As women age, some health conditions and illnesses become a larger risk. Some of these health concerns are easily treated, but others can change mobility and cognitive skills. Take a closer look at four of the most common health concerns elderly women face.
Women account for approximately 66 percent of all Alzheimer’s patients in the U.S. A study from the University of Valencia in Spain shows that while the body is able to protect against issues with amyloid proteins in young women, it loses some of that ability as a woman ages.
Alzheimer’s is a degenerative disease with no cure. As the symptoms worsen, elderly women with Alzheimer’s will struggle with personal care, meals, transportation, mobility, and cognitive skills. Homecare services become necessary.
The CDC reports that of the 54.4 million adults with arthritis, more women than men have the inflammatory condition. It’s also more common in the elderly than in younger adults. Osteoarthritis is the most common form. It affects the knees, hands, and hips most often.
Arthritis makes it hard to move. Aching and stiffness are common complaints. It can make it hard for your mom to chop vegetables, stand up after sitting or laying for an extended period of time, or stand in place for more than a few minutes. Homecare services providers become helpful at meals and while walking up and down stairs or getting out of chairs or beds.
About 12 percent of women are diagnosed with breast cancer during their life. Older women have a higher risk. About 66 percent of new breast cancer cases are in women over the age of 54. The earlier breast cancer is diagnosed, the better the chances of survival.
Breast cancer treatments require many doctor’s appointments. Transportation is one area where caregivers help. They can also be vital for meals, medication reminders, and being there for support on days after chemo or radiation treatments.
About 44 million women have heart disease, and 9 out of 10 women have at least one risk factor for heart disease or stroke. Studies find that exercise is one of the top ways women have to reduce the risk. At least 30 minutes of moderate activity is advised. Mixing up fitness programs helps.
A diet is also important. Avoiding added sugars, excessive amounts of sodium, and saturated fats is key. Some experts believe of all the diets out there, the Mediterranean Diet is the best for the heart and easiest to follow. The diet allows a small glass of red wine each day, plenty of seafood and vegetables, and whole grains.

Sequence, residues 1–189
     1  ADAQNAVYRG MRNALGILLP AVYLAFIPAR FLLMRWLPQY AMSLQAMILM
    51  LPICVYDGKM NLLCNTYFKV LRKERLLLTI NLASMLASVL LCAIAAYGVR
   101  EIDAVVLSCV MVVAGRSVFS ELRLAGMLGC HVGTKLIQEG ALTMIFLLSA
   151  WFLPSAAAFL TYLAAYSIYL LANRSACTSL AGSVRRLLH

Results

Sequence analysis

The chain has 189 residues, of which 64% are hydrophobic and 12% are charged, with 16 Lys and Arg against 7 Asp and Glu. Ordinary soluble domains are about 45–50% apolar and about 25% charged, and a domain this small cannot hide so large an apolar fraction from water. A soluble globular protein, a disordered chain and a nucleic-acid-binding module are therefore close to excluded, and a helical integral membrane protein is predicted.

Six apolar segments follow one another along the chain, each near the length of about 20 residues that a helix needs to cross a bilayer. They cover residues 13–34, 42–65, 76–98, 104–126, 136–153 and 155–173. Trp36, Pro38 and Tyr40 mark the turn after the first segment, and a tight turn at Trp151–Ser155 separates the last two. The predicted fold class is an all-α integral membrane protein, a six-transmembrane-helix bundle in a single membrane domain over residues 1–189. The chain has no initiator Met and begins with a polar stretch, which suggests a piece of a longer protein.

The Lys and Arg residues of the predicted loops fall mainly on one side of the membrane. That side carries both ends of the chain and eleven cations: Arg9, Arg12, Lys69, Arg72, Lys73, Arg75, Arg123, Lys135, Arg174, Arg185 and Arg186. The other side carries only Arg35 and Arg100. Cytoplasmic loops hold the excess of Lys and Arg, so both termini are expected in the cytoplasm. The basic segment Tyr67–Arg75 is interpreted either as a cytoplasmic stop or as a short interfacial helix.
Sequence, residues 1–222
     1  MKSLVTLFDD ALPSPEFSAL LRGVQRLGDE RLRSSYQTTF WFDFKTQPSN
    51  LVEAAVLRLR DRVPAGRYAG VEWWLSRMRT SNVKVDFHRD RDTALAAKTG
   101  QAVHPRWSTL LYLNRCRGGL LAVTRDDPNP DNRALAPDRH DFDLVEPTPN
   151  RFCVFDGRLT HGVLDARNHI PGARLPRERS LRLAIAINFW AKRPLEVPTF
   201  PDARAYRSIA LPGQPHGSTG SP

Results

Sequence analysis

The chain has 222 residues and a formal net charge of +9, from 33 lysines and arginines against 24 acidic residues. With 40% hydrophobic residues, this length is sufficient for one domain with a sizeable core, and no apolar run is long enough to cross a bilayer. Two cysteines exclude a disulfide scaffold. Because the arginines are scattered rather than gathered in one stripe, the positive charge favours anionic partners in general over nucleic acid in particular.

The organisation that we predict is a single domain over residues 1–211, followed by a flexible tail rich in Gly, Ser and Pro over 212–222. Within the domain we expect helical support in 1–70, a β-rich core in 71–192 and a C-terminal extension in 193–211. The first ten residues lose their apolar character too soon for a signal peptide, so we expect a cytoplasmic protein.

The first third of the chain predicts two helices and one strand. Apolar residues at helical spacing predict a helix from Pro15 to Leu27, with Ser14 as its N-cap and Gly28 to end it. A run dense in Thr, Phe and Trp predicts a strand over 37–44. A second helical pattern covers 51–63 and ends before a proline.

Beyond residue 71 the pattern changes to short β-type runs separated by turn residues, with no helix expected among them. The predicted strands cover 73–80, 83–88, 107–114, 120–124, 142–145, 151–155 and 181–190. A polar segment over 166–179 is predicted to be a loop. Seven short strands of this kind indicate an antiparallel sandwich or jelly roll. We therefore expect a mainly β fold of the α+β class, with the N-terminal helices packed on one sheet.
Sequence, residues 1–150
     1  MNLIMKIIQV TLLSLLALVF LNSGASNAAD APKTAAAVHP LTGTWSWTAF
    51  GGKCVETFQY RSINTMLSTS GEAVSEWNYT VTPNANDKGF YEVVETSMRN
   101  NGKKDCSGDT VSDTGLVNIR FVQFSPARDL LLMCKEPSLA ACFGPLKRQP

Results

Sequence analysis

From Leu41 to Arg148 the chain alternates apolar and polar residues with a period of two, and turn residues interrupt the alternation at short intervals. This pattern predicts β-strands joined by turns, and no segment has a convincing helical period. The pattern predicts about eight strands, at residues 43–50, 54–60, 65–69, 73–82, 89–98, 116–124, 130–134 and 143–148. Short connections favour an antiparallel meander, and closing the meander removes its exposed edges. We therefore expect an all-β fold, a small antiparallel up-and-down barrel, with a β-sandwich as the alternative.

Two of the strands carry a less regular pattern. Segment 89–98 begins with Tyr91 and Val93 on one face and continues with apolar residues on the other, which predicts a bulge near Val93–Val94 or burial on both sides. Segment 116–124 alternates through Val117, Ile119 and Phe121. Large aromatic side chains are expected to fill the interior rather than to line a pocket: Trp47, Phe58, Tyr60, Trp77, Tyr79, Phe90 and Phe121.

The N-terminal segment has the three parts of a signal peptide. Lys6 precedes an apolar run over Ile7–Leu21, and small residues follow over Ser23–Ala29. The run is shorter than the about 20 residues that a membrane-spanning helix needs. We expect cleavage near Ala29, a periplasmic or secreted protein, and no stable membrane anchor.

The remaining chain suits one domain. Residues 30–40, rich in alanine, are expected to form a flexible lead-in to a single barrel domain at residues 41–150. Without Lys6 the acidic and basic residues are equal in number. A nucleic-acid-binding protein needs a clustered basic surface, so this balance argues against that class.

When your mom’s mobility or cognitive skills decline, she needs support. You don’t want her risking her physical or mental health by trying to do things completely alone. Homecare services providers help. They offer the support your mom needs without impacting her desire to live independently. Call our homecare agency to learn more.
If you or an aging loved one are considering Homecare Services in Naples FL, call the caring staff at Dial-a-Nurse today. Naples: (239) 307-0033. Ft. Myers: (239) 307-0065.
In 1995 he became Administrator of Dial-a-Nurse nursing agency, the oldest nursing agency in the Southwest Florida succeeding his mother who started the company 37 years ago. He is also President of Nevco, Inc., an educational healthcare training company begun in 1988.
Mr. Wolfendale has worked with the U.S. Department of Commerce on various Missions to improve the quality of life around the world by development of supportive healthcare programs. In 2005 he traveled with U.S. officials and addressed the Italian National Government assisting in the creation of Nurse Education mandates for that Country. In 2006 he was invited and spoke with the National Institutes of Continuing Education in Eastern Europe on healthcare education and developmental mandates, and most recently represented the United States at the European Union in Lake Balaton, Hungary in 2011. In 2014 he traveled with the U.S. Department of State to Singapore, Malaysia and Vietnam in an effort to improve caregiver knowledge and training.
Mr. Wolfendale has worked with a number of non-profits in contributing and creating curriculum to improve the quality of life in third-world countries since 2001, and notably created a successful program in Odessa, India that has been modeled in other areas of the world. In his backyard, he has worked with local Goodwill Industries to provide curriculum and training to underserved individuals who have obtained employment as a result of educational training. He was the Congressional appointment to the Governor's purple ribbon task force in 2013, and has worked to educate caregivers in all aspects of Alzheimer's training.
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